Key of A: A B C D E F# A
Below is the pattern for the NAI scale using whole and half steps.
W= whole step, h = half step, m3 = 3 half steps ( or a whole step + a half step ).
W h W W W m3
A ^ B ^ C ^ D ^ E ^ F# ^ A
Half steps: half steps on a piano are the distance between any two adjacent keys, white or black.
Whole steps: a whole-step is two half-steps combined. A whole-step above a key on the piano is two keys to its right, while a whole-step below a key on the piano is two keys to its left.
What most of us today are familiar with as the North American Flute scale, is Minor Pentatonic. A five note scale that uses the 1, 3, 4, 5 and 7 scale degrees of the Aeolian mode (natural minor). This is however not the original scale used by the North American Indigenous people.
This minor pentatonic scale was introduced and popularized in the late 1970’s and early 1980’s by Micheal Graham Allen, who created a Native American style flute but used the Japanese shakuhachi flute scale of the pentatonic minor.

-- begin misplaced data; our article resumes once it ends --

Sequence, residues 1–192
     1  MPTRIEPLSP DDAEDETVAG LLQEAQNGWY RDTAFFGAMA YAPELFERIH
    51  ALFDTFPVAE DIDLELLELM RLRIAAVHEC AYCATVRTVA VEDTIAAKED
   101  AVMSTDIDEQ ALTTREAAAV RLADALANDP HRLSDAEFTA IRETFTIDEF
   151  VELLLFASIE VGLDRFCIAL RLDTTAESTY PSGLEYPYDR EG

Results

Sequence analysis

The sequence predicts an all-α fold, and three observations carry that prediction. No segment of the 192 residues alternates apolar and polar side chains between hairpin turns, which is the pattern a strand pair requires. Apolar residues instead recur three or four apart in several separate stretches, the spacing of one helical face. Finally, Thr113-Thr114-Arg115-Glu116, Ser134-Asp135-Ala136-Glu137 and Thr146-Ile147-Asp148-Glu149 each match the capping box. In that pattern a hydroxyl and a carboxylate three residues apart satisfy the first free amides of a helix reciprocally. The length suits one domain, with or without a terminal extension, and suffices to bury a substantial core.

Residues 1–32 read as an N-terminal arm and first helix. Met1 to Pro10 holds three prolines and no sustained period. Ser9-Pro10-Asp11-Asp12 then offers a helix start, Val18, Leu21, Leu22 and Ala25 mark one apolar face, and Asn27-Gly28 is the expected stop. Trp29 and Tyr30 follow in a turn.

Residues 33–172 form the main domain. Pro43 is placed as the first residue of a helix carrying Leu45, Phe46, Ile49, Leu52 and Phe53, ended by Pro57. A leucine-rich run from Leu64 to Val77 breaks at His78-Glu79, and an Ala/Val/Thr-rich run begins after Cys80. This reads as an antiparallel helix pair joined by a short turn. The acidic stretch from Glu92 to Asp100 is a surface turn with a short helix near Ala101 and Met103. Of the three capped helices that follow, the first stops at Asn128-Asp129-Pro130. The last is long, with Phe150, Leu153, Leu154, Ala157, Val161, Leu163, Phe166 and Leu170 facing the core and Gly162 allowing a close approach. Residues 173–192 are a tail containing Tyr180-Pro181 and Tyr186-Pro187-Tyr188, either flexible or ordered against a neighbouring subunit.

The North American Indigenous (NAI) scale consists of six notes. It is interesting from a western theory perspective, because it gives the player more freedom of expression. The reason for this is because this scale contains a blues major pentatonic scale ( 1,2,4,5 and 6 scale degrees of the major scale) with the option of adding a minor third. This minor third when played can invoke the modalities of both a Dorian mode and an ascending Melodic Minor scale without their seventh scale degrees. This would make a great choice for those who want freedom of expression, but also a scale that was actually played by the indigenous people of the Great Plains.